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Is it Time to Stop Driving?

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How do you know when it’s time for your loved one to limit or stop driving? It’s a tough subject for most families, but it’s a serious matter. While many older adults value the independence of driving, changes that happen with age can alter a person’s ability to drive safely. Read this article to learn more about the different factors that can affect driving as you age and signs of when it may be time to give up driving.

There are a variety of possible reasons for driving skills to be impacted by the aging process. The National Institute on Aging (NIA) has identified some of the most common ones:

  • Mobility – As you age, joints may get stiff, and muscles may weaken. These changes can make it harder for you to turn your head to look back, turn the steering wheel quickly, or brake safely. 
  • Vision – It might be harder to see people, things, and movement outside the direct line of sight. It may also take longer to read street or traffic signs or even recognize familiar places. At night, you may have trouble seeing things clearly. Glare from oncoming headlights or streetlights can be a problem. Depending on the time of day, the sun might be blinding. Eye diseases, such as glaucoma, cataracts, and macular degeneration, as well as some medicines, can also cause vision problems. 
  • Hearing – Aging can cause hearing changes, making it harder to notice horns, sirens, or even noises coming from your own car. These sounds warn you when you may need to pull over or get out of the way, or when there is a possible mechanical issue with your vehicle. 
  • Medicine – Some medication can make you feel drowsy, lightheaded, or less alert than usual, which can make driving unsafe. Some drugs include a warning about driving, but even those that do not might have an effect on the quality of your driving. 
  • Slower reaction time and reflexes – As you get older, your reflexes might get slower, and you might not react as quickly as you could in the past. Stiff joints or weak muscles also can make it harder to move quickly. Loss of feeling or tingling in your fingers and feet can make it difficult to steer or use the foot pedals.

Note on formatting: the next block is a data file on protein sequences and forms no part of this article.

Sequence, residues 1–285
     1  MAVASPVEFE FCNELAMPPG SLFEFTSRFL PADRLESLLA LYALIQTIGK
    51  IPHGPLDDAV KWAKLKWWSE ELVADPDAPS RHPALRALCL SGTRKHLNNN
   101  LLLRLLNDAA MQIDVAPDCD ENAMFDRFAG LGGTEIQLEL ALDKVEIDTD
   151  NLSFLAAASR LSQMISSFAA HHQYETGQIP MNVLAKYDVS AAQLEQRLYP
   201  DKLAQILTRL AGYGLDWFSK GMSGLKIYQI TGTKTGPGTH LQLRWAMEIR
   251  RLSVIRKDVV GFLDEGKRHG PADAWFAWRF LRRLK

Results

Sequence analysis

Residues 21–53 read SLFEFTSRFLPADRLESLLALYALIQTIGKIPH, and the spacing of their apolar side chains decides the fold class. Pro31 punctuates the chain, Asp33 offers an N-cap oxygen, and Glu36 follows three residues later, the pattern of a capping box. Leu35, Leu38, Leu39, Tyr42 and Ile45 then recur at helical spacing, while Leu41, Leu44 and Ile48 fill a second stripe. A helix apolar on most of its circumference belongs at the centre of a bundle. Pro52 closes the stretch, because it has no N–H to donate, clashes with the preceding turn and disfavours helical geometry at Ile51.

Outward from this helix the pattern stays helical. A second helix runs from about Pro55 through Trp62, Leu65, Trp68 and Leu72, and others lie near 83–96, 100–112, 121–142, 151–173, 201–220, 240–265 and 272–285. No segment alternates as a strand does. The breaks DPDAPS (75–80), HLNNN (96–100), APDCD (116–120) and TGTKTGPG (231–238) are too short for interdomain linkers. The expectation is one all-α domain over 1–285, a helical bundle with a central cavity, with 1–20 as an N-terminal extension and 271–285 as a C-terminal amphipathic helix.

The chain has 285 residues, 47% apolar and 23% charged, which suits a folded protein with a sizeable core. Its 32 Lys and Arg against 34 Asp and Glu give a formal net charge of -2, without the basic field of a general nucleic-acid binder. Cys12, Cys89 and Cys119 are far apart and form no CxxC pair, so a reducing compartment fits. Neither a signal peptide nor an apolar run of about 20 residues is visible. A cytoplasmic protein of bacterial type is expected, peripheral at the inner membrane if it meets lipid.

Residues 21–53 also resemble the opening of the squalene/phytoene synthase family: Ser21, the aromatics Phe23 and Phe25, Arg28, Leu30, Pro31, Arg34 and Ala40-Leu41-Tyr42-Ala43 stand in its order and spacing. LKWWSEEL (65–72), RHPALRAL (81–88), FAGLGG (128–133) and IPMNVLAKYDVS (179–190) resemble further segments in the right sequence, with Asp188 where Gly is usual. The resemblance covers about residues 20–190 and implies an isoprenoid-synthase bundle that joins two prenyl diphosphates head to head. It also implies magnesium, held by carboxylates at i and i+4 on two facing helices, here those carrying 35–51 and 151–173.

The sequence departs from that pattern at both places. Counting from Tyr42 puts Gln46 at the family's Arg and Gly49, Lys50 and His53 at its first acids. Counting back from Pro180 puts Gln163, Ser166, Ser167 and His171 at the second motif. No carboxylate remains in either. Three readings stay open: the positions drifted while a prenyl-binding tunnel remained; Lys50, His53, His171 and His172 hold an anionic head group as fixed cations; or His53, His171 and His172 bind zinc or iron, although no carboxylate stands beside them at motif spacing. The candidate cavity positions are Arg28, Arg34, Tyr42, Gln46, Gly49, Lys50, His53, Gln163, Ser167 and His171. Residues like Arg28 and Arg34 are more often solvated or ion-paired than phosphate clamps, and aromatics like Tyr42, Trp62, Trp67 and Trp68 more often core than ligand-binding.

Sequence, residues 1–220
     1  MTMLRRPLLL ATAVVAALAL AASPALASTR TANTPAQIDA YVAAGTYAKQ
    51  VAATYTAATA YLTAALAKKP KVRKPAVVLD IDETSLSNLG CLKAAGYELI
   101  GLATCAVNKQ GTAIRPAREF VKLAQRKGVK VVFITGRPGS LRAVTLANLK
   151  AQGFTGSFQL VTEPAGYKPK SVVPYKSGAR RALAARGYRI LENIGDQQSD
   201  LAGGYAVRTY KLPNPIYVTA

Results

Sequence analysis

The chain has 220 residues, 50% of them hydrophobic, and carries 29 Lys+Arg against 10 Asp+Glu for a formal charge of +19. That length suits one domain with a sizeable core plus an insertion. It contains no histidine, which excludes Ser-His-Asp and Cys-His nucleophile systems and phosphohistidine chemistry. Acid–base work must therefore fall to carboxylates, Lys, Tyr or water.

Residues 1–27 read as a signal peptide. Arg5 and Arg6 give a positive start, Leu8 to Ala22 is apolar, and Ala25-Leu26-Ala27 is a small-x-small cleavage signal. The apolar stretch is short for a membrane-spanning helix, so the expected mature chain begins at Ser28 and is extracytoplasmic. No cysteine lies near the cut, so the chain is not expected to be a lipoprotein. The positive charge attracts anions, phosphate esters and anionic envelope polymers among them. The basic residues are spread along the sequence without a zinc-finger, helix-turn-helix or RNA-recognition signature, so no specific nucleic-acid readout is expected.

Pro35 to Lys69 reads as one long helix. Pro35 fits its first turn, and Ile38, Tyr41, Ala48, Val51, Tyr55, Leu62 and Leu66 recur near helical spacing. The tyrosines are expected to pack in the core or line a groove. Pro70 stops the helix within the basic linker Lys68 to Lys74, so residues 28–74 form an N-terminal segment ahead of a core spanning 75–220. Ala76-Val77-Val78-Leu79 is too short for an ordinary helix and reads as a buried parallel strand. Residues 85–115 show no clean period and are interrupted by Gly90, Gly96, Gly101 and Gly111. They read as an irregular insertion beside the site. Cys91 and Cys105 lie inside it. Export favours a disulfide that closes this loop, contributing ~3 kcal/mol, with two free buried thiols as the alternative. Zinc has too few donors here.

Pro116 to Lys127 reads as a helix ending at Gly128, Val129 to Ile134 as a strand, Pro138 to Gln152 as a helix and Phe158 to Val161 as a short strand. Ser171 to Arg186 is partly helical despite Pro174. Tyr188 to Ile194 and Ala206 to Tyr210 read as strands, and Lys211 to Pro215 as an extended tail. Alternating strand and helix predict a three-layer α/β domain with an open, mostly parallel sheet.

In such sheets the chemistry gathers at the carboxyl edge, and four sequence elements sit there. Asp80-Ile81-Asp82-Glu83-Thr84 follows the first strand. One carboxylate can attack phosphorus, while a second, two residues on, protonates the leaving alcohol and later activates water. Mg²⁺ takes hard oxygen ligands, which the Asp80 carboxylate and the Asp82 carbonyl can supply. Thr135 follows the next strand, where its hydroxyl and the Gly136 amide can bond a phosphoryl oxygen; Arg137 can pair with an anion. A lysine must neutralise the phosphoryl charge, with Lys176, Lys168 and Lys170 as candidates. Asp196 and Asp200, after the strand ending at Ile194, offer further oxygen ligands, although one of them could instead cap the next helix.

• A medical condition – Some medical conditions, such as uncontrollable movements and loss of coordination and balance due to Parkinson’s disease make it unsafe to drive. Similarly, many of the loss of control of limbs or other movement limitations following a stroke can mean it is no longer safe to drive.
  • Dementia – In the early stages of Alzheimer’s disease or other types of dementia, some people are able to keep driving. But, as memory and decision-making skills get worse, they will likely need to stop. 

These tips from the NIA and the National Highway Traffic Safety Administration (NHTSA) may help you to make safe choices about driving:

  • Talk with your healthcare provider if you have any concerns about your driving safety.
  • Practice physical fitness that will support your strength and flexibility, which may help your driving abilities.
  • Consider your car. If possible, drive a car with automatic transmission, power steering, power brakes, and large mirrors. Newer cars come equipped with backup cameras, which can make parking and backing up easier, as well as other sensors that can alert a driver to a nearby object or vehicle before an accident occurs.
  • Take care of your eyes and ears. Always wear your glasses or contact lenses if you need them to see clearly. If you use hearing aids, be sure to wear them while driving.
  • Avoid driving certain times of day. Cut back on or stop driving at night if you have trouble seeing in the dark. Try to avoid driving during sunrise and sunset, when the sun can be directly in your line of vision and during rush hour.
  • Check in with yourself. Don’t drive if you feel lightheaded or drowsy. Be sure to check any warnings on your medications. Try to avoid driving when you are stressed or tired.
  • Don’t crowd. Leave ample space between your car and the car in front of you and start braking early when you need to stop.
  • Plan your route. Choose a route that avoids highways or other high-speed roadways. If you must drive on a fast-moving highway, drive in the right-hand lane, where traffic moves more slowly.
  • When in doubt, don’t go out. Bad weather, such as rain, ice, or snow, can make it hard for anyone to drive. Try to wait until the weather is better, or use buses, taxis, ridesharing services, or other alternatives.
  • Wear seat belts. Always wear your seat belt and make sure your passengers wear theirs, too.